Scouting for Whitetail Deer
One of the most highly visible pieces of deer sign is the deer trail. Deer trails are worn paths that are made by constant use as deer travel back and forth throughout the woods. Deer hunters can use these trails as a starting point when trying to decipher which direction deer are traveling and when.
However, special care must be taken not to leave any human scent along deer trails. If so, deer will easily pick up on this and as a result, change their travel patterns.
Deer will typically choose their travel paths based on cover, hunting pressure, the lay of the land, and sometimes wind direction. When trying to decide where to set your treestand, consider where the deer are bedding and feeding and simply set up in the highest odd location in between. A mature buck’s often preferred travel route can typically be found in heavy cover. Immature deer are less likely to use such areas as primary travel routes unless pressure is very high.
Deer droppings mean one thing…deer are in the area. Deer normally deficate wherever they feel most relaxed and comfortable. Therefore, when you find an area with a great deal of fresh droppings on the ground, this could be an area of interest.
Many deer hunters will dismiss the importance of deer droppings, but they are a vital component to the overall deer puzzle. In the spring and summer months, deer will be feeding on watery vegetation which will make their droppings moist, light in color and clumpy. During the winter, deer will be feeding on much drier food such as scorns and branches and twigs. This will make droppings much darker with a somewhat dry texture.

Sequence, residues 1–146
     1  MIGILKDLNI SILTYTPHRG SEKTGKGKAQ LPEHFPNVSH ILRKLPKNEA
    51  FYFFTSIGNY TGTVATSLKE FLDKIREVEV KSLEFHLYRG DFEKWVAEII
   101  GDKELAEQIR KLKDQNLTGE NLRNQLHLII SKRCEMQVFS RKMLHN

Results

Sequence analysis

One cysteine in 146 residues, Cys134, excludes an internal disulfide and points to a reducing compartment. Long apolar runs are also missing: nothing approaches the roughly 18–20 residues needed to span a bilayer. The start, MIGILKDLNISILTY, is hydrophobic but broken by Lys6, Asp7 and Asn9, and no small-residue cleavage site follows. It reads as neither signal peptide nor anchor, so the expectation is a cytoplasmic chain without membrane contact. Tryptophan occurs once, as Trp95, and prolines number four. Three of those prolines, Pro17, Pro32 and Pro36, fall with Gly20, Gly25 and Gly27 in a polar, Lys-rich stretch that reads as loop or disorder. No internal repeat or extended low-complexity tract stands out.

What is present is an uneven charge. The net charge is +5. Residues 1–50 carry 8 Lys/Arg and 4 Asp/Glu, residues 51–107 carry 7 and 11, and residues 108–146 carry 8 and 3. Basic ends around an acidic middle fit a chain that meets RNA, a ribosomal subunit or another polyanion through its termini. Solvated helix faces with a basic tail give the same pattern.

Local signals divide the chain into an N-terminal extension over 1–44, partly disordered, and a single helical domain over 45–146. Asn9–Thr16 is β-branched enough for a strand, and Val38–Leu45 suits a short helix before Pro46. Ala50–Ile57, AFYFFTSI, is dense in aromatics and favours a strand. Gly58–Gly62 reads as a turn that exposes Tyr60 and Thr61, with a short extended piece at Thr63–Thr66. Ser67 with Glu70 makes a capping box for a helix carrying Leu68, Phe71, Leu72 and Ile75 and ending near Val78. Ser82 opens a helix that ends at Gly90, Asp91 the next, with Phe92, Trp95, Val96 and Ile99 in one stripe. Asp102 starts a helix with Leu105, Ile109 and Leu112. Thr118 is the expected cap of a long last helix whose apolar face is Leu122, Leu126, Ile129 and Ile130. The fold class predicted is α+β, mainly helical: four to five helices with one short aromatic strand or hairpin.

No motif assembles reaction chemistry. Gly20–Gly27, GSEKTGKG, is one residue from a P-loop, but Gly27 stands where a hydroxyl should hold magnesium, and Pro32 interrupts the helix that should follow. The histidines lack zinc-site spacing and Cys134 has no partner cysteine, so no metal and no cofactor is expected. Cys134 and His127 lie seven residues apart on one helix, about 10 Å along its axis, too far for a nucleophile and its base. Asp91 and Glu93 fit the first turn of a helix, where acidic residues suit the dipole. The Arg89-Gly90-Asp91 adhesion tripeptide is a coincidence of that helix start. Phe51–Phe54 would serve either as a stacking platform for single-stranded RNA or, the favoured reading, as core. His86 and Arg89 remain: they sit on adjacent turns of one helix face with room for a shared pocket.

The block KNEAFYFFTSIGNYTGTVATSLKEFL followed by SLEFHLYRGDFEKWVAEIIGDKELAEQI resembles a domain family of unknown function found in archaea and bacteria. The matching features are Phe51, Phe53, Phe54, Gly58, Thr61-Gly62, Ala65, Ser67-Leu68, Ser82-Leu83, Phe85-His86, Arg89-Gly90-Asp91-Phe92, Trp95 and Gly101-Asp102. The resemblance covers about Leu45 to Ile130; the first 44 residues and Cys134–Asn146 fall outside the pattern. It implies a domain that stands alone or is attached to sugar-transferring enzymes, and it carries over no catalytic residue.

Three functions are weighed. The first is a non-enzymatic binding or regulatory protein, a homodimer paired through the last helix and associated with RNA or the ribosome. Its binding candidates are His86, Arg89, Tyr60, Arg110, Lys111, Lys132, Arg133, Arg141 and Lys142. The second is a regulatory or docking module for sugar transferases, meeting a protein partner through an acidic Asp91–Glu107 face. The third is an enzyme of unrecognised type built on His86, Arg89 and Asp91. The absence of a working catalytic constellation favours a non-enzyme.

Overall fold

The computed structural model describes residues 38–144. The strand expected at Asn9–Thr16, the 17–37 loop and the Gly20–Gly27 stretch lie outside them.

Overall size of the droppings can determine sex of the deer. Large droppings typically come from a buck, and smaller from does and fawns or immature bucks.
A whitetail deer’s hoof print can provide a wealth of information.
The track of a mature buck is usually much larger than that of a doe. On average, a mature buck will have hoof prints of 5-1/12 inches in length or longer. This is typically one inch larger than an adult doe. A buck with a tip-to-dew claw measurement of 6 inches or more is thought to be a 300+ pound deer. It is also said that an adult buck will leave distinctive drag marks when walking as a result of not lifting their feet as high as smaller deer.
Typically, smaller deer will meander throughout the woods, Whereas, an adult buck typically walks in the direction it wants to reach; the straight line being the most likely line of travel.
Deer Bedding Areas
The one area deer feel the safest is in their bedding areas. This is mostly likely due to the fact that bedding areas are in the most secluded, well hidden areas; areas that are hard for predators to reach.
An even though it is thought that deer sleep, they in fact don’t’ sleep for very long periods at all. It is more like resting, rather than sleeping. This prevents them from being attacked
by predators while sleeping.
Hunting deer in and around bedding areas is perhaps the most difficult area to kill them because they are so highly tuned to their surroundings at this time they notice the slightest disturbance. Try setting up on deer trails leading to and from the bedding areas rather than hunting directly in them.
Scouting in the snow is a good way to locate bedding areas. During the deer rut, bucks will seek out doe bedding areas so remember where such spots are in your hunting area. Hunt the fringes of bedding areas as not to disturb the deer. Heavily scouting bedding areas is best done during the off-season when disturbance will be a non-issue.